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     You know that antiquated portrayal of ‘the woman that has it all’? An impenetrable force, she stands a little taller than the rest. Her nose may or may not be in the air. She’s mysterious, perhaps hardened, as she balances All The Things in five-inch heels. Well, it’s antiquated for a reason. Kristen Meyer is the new face of that woman.  I didn’t know Kristen personally when a friend and employee (at Kristen’s boutique real estate agency, Sweet Living) reached out to suggest her as a PGC feature. “She is a super fresh, honest, hilarious voice in the world of stuffy, bizarre, crucial Seattle real estate, and everyone (and I mean everyone) that meets her loves her,” she described. This was precisely the reaction I had to Kristen. She’s earnestly warm, funny, and put me at an ease I typically find only in conversations with long time friends. She’s almost too easy to talk to. That guard I typically have up when I meet someone new? It vanished as soon as Kristen walked into the room. She is someone who has found the kind comfort in her own skin that she doesn’t have to prove anything to anyone. She’s unguarded because she is exactly who she wants to be. And that kind of attitude allows me to be more of who I am. And this is exactly how women are supposed to be together – their most unguarded selves.     
  So - tell me your life story.    I never had any intention of living in Seattle.  It was 1995 and I had graduated from college and was one year into my "dream job" doing college radio promotion for Mammoth Records in Chapel Hill, NC.  Sub Pop was a label I loved because they were exploring new territory that went beyond the Seattle sound they were famous for fostering.  Sebadoh, Sunny Day Real Estate, The Spinanes, Afghan Whigs - these were the bands that moved me.  When I started at the label, honestly, I had to educate myself on Green River, Soundgarden, even Nirvana.  My job was to get Sub Pop's increasingly un-grunge artists exposure on the only radio stations that would have them.  My only sense of Seattle was from watching Singles and listening to Silkworm's "In The West".  I envisioned a freezing climate that was so frigid it required long johns and wooly hats all year long.  I packed accordingly.  I worked at the label for 8 years, stumbling into greater opportunities at the company through it's evolution.  A couple of years in to my job managing the Marketing Department, I felt frustrated and at a dead end.  I loved the music industry and community but felt a need to explore what else was out there.  I had been entrenched in the music biz since I was 17 and felt like there was a whole other world out there I wanted to explore.  Leaving that job was more than just leaving a job - it was intentionally leaving a family of friends that were my life in this city, and a job that felt more like an identity.  That transition sent me into an era of figuring out who the 30-year-old version of myself was.       I remember sitting in the Uptown Espresso on Delridge one morning shortly after I'd left my job.  It was a Tuesday at around 10 AM and there were a ton of people in there - I had been working at a desk in an office for so long that I didn't even know that there life was actually HAPPENING at that time on a work day.  Looking back, there were amazing people who supported me finding my way.  Megan Jasper, the current VP of Sub Pop who had become one of my best friends, was an incredible friend to me during that time.  Jon Poneman also supported my defection from the label in a way that was generous and gracious.  My year post Sub Pop before I started my real estate career in earnest was terrifying, but I always had the sense that I was doing what I needed to do and was lucky enough to be surrounded by people who loved and supported me through this weird professional puberty that probably was really smelly, pimply and hairy.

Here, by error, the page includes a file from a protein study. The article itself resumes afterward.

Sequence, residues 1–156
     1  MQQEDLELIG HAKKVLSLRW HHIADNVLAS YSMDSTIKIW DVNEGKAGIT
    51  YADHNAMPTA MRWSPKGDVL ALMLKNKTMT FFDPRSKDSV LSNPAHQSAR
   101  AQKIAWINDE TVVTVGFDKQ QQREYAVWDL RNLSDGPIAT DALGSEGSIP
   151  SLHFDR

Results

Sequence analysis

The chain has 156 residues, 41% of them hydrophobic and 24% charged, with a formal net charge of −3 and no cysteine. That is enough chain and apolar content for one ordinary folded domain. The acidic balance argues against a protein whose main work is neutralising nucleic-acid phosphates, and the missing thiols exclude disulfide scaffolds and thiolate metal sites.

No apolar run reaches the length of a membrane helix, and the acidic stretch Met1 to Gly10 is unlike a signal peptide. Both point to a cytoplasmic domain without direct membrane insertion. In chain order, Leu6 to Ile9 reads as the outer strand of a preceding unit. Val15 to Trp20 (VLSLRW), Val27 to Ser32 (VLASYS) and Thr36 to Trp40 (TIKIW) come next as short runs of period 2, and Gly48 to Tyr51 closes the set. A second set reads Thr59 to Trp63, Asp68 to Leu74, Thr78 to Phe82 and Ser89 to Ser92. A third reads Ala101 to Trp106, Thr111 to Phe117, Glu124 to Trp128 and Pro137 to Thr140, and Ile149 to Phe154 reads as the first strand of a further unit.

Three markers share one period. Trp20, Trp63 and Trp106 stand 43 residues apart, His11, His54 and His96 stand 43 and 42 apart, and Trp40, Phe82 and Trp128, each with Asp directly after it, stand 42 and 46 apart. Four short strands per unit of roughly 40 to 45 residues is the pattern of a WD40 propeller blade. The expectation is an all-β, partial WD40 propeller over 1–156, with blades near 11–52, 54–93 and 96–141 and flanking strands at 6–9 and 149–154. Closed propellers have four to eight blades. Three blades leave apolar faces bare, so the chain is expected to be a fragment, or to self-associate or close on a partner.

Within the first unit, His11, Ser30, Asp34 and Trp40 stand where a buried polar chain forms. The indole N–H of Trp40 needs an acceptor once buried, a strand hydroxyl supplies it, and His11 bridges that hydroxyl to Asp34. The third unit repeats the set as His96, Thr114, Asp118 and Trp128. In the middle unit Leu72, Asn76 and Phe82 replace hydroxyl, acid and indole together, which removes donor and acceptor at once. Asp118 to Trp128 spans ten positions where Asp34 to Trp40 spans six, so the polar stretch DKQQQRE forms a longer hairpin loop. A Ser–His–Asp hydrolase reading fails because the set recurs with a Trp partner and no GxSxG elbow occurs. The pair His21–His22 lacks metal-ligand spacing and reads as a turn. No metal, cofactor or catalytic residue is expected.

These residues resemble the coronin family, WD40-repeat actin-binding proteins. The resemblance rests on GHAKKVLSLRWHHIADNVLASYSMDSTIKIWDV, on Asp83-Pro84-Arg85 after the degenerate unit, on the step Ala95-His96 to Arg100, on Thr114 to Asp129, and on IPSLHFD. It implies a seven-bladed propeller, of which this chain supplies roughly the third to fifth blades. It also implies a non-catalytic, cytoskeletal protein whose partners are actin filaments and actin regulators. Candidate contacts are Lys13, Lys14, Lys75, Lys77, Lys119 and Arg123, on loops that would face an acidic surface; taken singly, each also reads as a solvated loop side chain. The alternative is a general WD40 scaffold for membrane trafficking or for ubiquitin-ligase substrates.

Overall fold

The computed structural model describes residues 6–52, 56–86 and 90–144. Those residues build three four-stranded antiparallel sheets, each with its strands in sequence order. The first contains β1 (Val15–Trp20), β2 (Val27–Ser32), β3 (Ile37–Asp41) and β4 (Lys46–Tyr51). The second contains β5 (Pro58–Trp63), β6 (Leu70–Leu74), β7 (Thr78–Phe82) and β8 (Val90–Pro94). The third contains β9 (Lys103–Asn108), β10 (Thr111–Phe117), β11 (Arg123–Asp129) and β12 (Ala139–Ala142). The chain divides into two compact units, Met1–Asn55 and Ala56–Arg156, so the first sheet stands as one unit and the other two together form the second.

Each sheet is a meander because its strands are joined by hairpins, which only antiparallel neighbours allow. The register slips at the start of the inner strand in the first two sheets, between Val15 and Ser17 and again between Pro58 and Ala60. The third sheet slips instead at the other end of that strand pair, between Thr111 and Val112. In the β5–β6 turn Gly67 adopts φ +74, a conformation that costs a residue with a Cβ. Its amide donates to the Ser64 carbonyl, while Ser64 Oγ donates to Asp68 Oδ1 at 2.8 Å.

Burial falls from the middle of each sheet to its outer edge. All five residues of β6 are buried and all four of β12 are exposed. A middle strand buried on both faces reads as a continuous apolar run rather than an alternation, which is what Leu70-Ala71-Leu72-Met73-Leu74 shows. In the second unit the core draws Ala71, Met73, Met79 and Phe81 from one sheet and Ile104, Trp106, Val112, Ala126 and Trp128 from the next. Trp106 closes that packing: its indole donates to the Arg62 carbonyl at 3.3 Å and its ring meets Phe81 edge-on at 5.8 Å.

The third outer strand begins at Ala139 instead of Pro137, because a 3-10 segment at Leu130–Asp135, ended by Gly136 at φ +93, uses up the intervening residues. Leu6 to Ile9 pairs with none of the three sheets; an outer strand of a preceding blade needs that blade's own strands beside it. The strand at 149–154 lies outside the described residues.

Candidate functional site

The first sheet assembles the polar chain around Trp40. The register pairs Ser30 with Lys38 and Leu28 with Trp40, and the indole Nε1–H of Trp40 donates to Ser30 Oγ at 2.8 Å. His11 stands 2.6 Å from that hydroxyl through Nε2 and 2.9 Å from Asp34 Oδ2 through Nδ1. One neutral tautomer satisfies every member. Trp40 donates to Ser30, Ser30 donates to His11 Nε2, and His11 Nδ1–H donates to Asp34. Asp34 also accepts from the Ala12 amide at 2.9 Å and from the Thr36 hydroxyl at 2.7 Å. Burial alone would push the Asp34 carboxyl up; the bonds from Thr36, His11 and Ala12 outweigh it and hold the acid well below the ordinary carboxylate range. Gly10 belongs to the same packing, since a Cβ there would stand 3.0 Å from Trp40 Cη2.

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  When do you feel the most yourself? Why?   When I'm with the people I love.  Namely, my husband Justin and daughter Tally, and my friends & family.  I like being around other people where there is laughter, and noise, and music.  And, when I'm swimming in a warm ocean.  I may have been a mermaid in a past life.   When do you feel the least yourself? Why?   When I'm at a Realtor event and they begin the meetings with the Pledge of Allegiance.  It seems so archaic to stand up and recite these words.  Don't get me wrong, I'm American and I feel patriotic, but I'd rather stand up and sing the Dead Kennedy's.